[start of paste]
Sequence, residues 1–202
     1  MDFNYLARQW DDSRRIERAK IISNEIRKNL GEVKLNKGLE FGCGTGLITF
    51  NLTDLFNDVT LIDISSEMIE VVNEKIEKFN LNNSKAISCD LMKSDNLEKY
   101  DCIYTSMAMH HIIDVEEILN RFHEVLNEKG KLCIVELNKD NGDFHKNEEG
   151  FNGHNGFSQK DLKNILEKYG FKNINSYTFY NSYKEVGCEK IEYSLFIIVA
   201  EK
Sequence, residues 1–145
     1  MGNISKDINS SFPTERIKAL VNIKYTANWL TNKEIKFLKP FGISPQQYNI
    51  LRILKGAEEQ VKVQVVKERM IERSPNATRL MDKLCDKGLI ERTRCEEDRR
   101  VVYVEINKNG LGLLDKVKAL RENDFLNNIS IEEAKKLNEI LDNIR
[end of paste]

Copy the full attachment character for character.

Sequence, residues 1–202
     1  MDFNYLARQW DDSRRIERAK IISNEIRKNL GEVKLNKGLE FGCGTGLITF
    51  NLTDLFNDVT LIDISSEMIE VVNEKIEKFN LNNSKAISCD LMKSDNLEKY
   101  DCIYTSMAMH HIIDVEEILN RFHEVLNEKG KLCIVELNKD NGDFHKNEEG
   151  FNGHNGFSQK DLKNILEKYG FKNINSYTFY NSYKEVGCEK IEYSLFIIVA
   201  EK
Sequence, residues 1–145
     1  MGNISKDINS SFPTERIKAL VNIKYTANWL TNKEIKFLKP FGISPQQYNI
    51  LRILKGAEEQ VKVQVVKERM IERSPNATRL MDKLCDKGLI ERTRCEEDRR
   101  VVYVEINKNG LGLLDKVKAL RENDFLNNIS IEEAKKLNEI LDNIR